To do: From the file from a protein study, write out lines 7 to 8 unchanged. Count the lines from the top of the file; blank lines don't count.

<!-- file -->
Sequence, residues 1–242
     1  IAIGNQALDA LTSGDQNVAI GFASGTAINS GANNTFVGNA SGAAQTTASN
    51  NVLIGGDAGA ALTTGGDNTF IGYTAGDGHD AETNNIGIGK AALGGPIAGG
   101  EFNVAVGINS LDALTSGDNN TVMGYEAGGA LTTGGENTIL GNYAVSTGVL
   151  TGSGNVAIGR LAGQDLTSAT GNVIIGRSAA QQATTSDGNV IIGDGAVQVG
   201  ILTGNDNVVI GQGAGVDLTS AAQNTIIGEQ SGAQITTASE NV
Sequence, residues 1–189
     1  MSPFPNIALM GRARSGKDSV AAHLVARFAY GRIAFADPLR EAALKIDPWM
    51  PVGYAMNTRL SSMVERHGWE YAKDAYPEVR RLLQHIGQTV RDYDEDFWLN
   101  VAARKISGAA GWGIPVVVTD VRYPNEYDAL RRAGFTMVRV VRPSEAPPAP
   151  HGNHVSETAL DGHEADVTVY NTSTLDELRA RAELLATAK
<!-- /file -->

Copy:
Sequence, residues 1–189
     1  MSPFPNIALM GRARSGKDSV AAHLVARFAY GRIAFADPLR EAALKIDPWM